An overview of TV viewership in the past year and whats in store for the year ahead Its been a year! Not just a year of my columns in BroadcastPro ME (leather-bound collected editions available for that perfect Christmas gift) but a year and a bit of a full audience measurement in the UAE. A […]
Its been a year! Not just a year of my columns in BroadcastPro ME (leather-bound collected editions available for that perfect Christmas gift) but a year and a bit of a full audience measurement in the UAE.
A good time then to look at what we know, now that we have tviews annual report covering the first year from October 2012 to September 2013. We discovered some surprising facts while researching the TV industry.
The devil is in the detail. If all we wanted to know was the top channels and programmes, then to be honest, we wouldnt need granular electronic measurement, but its the little insights that are often fascinating and confounding at the same time.
Top channel MBC 1
MBC is, without a doubt, the dominant network, and more often than not, sits in the top five or six positions.
The 8pm to 9pm time slot on MBC 1 usually a Turkish drama is the most watched segment on the channel, averaging 67,000 Arab viewers, which may surprise some, given the assumption of later prime-time viewing habits in the region.
But looking at the channel viewing overall, we get a picture not of channel loyalty, but a much wider and shallower pattern, one that applies to most entertainment channels.
Table 1 shows the consumption profile of everyone who watched MBC 1 in the year. The first column, just under 70%, is less than 48 hours, which means that seven in every 10 MBC 1 viewers watched on average, less than one hour per week across the year. On the other hand, 16% of viewers watched more than 144 hours, equivalent to six non-stop days of viewing.
As Ive said many times in these pages, viewers want programmes, not channels. They came, they saw, they switched.
Top programme Arab Idol
Yet another triumph for this format, which suggests that the regional reality spin-offs have plenty of life left in them, as we enter the second and third seasons.
I wrote about the final episode at the time so I wont repeat it in detail, but it is worth noting that the peak moment of the final episode attracted more than 410,000 Arab viewers. That represents about two in every three people viewing at that time, although it is just under 15% of the total Arab audience.
Tying in with the previous point about programmes and channel loyalty on an average, viewers of Arab Idol watched 67 minutes of each show from March through to June, making it an incredibly popular programme with a very high loyalty factor.
The next top programme and the only challenger was the final of the Gulf Cup, where the UAE defeated Iraq. At peak time, it got more than 300,000 viewers and averaged more than 250,000 throughout the game, which is extraordinary for a programme of several hours duration.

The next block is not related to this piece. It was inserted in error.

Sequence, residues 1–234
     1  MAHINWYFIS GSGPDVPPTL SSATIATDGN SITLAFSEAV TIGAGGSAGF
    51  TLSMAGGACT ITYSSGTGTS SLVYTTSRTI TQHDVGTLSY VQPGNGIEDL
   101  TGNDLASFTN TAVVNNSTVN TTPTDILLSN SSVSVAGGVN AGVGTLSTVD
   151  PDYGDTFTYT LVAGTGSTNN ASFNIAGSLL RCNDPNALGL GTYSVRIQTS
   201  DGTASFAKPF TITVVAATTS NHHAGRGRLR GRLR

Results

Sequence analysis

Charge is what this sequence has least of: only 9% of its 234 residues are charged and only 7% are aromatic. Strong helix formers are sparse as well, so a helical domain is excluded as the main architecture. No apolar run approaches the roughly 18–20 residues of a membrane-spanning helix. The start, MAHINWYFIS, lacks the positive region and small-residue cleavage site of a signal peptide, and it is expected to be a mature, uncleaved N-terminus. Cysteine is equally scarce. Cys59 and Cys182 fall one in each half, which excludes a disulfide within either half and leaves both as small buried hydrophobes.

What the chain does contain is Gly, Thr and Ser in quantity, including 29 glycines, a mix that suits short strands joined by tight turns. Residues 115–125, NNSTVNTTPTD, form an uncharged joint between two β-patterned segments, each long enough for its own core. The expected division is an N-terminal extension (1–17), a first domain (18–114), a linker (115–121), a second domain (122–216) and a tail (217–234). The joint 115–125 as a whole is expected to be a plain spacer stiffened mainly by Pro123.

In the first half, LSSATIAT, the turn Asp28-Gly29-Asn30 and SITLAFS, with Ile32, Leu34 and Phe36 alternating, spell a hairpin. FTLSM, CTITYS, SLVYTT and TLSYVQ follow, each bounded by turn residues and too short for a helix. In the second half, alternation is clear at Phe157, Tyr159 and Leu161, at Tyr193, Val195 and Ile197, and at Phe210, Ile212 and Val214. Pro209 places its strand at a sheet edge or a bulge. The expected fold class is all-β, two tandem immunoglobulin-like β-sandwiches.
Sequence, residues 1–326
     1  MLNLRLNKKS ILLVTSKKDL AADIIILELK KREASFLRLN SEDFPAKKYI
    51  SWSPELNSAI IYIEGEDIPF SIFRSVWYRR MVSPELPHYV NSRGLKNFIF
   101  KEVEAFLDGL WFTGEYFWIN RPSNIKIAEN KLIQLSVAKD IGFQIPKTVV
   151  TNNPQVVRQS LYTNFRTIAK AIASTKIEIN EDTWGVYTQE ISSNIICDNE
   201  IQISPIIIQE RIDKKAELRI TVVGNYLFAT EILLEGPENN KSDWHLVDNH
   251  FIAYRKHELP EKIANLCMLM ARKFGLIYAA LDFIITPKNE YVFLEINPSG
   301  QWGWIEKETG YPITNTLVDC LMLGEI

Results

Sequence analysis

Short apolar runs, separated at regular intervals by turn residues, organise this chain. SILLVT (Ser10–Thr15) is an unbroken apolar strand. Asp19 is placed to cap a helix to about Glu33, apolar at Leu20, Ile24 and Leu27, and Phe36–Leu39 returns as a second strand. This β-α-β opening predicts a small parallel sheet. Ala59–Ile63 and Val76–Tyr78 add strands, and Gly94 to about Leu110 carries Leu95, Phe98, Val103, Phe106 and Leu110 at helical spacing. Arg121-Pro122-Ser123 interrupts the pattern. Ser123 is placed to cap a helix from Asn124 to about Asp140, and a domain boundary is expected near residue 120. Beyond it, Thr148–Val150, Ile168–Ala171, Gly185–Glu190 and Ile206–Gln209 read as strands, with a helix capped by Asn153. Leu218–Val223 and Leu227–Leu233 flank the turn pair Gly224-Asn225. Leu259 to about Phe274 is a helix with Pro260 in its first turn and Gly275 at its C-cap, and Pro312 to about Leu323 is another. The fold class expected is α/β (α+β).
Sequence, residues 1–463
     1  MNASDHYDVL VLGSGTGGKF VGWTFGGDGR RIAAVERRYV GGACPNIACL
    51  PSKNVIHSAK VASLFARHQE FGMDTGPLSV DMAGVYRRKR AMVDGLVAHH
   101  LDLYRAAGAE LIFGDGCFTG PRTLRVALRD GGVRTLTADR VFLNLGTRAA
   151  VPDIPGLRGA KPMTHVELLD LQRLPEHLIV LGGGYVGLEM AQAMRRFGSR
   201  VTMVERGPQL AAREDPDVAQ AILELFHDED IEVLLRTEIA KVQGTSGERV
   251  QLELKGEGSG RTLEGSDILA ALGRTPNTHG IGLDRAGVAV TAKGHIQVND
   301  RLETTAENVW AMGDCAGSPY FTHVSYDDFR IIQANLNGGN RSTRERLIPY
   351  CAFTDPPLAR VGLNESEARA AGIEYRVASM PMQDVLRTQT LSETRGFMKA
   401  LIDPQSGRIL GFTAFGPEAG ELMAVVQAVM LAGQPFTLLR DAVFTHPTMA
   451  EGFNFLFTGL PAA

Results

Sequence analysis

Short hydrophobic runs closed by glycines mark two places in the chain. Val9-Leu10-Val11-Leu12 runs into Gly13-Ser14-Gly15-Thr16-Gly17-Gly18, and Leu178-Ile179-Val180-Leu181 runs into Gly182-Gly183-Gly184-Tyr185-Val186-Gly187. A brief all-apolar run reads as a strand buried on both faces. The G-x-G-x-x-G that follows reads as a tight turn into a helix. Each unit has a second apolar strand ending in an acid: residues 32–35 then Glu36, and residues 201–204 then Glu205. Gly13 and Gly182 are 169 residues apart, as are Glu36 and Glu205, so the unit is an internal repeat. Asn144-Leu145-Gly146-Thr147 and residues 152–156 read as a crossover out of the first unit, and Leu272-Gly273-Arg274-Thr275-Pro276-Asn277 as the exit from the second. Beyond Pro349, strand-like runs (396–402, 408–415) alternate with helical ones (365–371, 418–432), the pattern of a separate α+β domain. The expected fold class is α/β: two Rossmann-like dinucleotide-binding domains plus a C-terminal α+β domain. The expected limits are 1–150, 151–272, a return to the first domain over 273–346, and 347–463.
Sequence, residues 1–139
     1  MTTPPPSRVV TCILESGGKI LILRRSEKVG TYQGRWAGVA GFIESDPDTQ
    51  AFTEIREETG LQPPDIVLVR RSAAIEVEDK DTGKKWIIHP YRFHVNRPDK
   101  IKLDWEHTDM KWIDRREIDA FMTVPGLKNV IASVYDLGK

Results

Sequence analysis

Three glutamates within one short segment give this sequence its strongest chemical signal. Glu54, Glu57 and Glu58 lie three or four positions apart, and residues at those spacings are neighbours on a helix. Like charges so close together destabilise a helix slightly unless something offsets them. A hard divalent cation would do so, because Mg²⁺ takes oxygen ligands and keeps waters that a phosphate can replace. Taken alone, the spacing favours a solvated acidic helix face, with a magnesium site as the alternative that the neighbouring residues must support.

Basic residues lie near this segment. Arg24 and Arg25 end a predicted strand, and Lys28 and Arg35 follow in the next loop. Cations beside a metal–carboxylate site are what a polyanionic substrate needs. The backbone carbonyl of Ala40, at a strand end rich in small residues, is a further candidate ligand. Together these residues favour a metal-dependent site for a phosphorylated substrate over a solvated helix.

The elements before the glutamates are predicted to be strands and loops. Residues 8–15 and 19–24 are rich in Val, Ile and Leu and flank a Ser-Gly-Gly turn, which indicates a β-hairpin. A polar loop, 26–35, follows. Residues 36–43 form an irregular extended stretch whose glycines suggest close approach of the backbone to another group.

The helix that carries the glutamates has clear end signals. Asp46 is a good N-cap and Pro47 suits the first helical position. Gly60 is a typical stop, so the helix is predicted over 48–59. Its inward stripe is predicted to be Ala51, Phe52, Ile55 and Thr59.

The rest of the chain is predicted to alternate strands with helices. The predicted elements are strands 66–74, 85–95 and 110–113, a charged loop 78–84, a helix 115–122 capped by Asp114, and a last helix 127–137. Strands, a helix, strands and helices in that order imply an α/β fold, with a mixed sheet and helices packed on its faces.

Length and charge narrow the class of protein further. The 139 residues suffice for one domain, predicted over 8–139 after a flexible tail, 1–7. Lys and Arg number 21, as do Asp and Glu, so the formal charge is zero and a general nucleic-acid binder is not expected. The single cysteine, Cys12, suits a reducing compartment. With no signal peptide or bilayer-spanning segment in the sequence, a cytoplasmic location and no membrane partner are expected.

Abu Dhabi Sport channel captured most of the viewing, even though it was simulcast on Dubai and Sharjah TV. But a surprising detail about those figures was that the maximum viewing was in Sharjah with 28%, followed by Abu Dhabi (24%), Al Ain (18%), Ajman (14%) and Dubai (12%).
Again, this is something weve covered at the time, at least in terms of the top programmes, but I think there are some key points to note about Ramadan.
Firstly, when you look at Ramadan programmes compared to the overall programmes, there arent that many in the top 20. In fact, the top Ramadan show, Etr Al Gannah, comes in at number 12 for the year.
Secondly, there isnt actually a whole load of extra viewing in Ramadan, which may explain why those shows dont dominate the year, given the far more competitive environment.
Table 2 shows the average viewing throughout the day for Arabs and Asians during Ramadan compared to the rest of the year.
Clearly, there is a shift in viewing to the evening, and also note the rise in afternoon viewing, which is widely underestimated in this market. But overall, Arabs view just an extra 10 minutes per day in Ramadan and South Asians about 25 minutes. Theres only so much time in the day to watch TV and in this region, we do a lot of it anyway.
There are many other areas we could look at, but I will finish on the commercial side and the top advertisers.
In this area the surprising detail is not that Pepsi and Lulu are the top advertisers, but that they advertise almost exclusively to an Arab or Asian market.
While Pepsi tops the charts in Arab households, Lulu is topmost in Asian households, followed by Malabar Gold. These might as well be the ratings in two completely different countries. Some things are easily explained certain products and services like money exchange are of more interest to one group, and thats perfectly normal for advertising.
But when it comes to supermarkets, food and beverages, snacks and telcos, I have yet to hear a sensible explanation to explain the almost complete divergence of advertising in the UAE.
Whats in store for 2014?
To finish, Ill put my end of year hopes out and look forward to someone filling my stocking.
I hope that two things will have happened by this time next year.
Firstly, the key stakeholders who have not yet started working with accurate and transparent data in the UAE will be on board in a cooperative industry group, and secondly, Saudi Arabia will be well underway with its own people meter system.
Those two things will be game-changers for everyone.